1+1-dimensional curvature vanishes. Explain how the time-dependent case is flat, by
explaining how the (t,x) coordinates sit in the (1+1) Minkowski spacetime.

(c) In the case n > 1, characterize all the cases  in which the n+1 dimensional curvature  vanishes.
Explain how the time-dependent case is flat, by explaining how the (t,x^i) coordinates sit in the
(n+1) Minkowski spacetime.

(d) (i) Now assume n = 3 and compute the Ricci tensor, Ricci scalar, and Einstein tensor. We will
use these to write the Friedman equations for homogeneous isotropic cosmological spacetimes.
(ii)  Characterize all the cases in which the vacuum Einstein equation is satisfied. Are there any

besides flat spacetime?

12S-2 Consider the field equation R_ab - 1/4 R g_ab = 0. The trace (contraction with g^ab) of the
left hand side vanishes identically, so this does not imply R = 0, and it is really only 9 independent equations.

(a) Show using the contracted Bianchi identity (22.50) that this equation does however imply that
R is a constant. Thus this equation is equivalent to the vacuum Einstein equation with an
undetermined cosmological constant term.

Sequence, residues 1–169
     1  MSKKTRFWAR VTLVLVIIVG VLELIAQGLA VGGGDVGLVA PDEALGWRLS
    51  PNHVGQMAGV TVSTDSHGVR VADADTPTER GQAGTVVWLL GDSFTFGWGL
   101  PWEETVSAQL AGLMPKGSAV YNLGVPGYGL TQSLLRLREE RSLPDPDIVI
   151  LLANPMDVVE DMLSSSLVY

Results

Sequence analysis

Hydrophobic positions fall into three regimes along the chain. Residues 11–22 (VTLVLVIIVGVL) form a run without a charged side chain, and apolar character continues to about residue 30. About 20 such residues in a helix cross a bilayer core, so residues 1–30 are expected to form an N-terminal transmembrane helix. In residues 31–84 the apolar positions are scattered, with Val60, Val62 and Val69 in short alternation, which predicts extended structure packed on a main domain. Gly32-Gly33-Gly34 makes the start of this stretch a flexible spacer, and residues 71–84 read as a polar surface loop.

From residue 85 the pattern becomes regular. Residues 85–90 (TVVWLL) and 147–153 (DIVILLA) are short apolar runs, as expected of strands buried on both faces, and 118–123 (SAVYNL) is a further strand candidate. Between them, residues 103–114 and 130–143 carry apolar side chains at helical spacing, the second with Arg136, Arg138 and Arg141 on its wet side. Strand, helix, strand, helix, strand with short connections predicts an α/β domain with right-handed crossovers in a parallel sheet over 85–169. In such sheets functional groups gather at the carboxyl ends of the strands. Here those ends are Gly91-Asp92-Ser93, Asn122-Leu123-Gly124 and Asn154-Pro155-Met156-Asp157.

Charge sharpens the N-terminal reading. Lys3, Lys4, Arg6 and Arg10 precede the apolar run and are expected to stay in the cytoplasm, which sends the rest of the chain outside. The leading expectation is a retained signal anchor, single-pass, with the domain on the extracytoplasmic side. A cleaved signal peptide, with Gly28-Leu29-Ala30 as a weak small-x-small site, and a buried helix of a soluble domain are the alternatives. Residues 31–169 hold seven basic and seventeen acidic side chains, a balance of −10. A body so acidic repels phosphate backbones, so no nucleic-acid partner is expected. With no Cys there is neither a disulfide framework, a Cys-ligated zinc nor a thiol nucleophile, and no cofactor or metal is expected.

(b) Now consider the field equation
R_ab - 1/4 R g_ab = 8\pi(T_ab - 1/4 T g_ab), where T_ab is the
matter stress tensor and T is its trace. Show using the Bianchi indentity together with the local conservation
of stress energy (22.40) that this equation implies the Einstein equation (22.51) with an additional
undetermined cosmological constant term.

HW11 (due *Thursday* Nov. 29)

Hartle: Ch. 21

20-17 (Covariant derivative of the metric vanishes)

(Killing's equation) (This characterizes Killing vector fields in a coordinate independent manner.)  

20-20 (Killing vectors on the Euclidean plane) (Assume the metric of the Euclidean plane.

11S-1 (freely falling gyroscopes) As explained in section 14.2 and in Example 20.10, the spin 4-vector s
of a freely falling gyroscope is parallel transported, i.e. its covariant derivative along the free-fall geodesic is zero.
(a) Show that s remains orthogonal to the geodesic tangent u if it is initially orthogonal (i.e. s is purely spatial in the free-fall frame).
(b) Show that the magnitude of the spin remains constant. (Hint: The covariant derivative of the metric is zero.)

11S-2 Consider a gyro orbiting in the "equatorial" plane of a static, axially and reflection symmetric metric.
That is, the gyro orbits in the z=0 plane of a spacetime with metric ds^2 = A dt^2 + B dr^2 + C dphi^2 + D dz^2,
where A,B,C,D depend only on r and z, and are even functions of z. For example, orbits in the equatorial plane of
the Schwarzschild metric satisfy these conditions. 

(a) Show that on the z=0 plane, the only nonzero Christoffel symbols G^a_bc with a lower index z are G^r_zz, G^z_rz, and G^z_zr.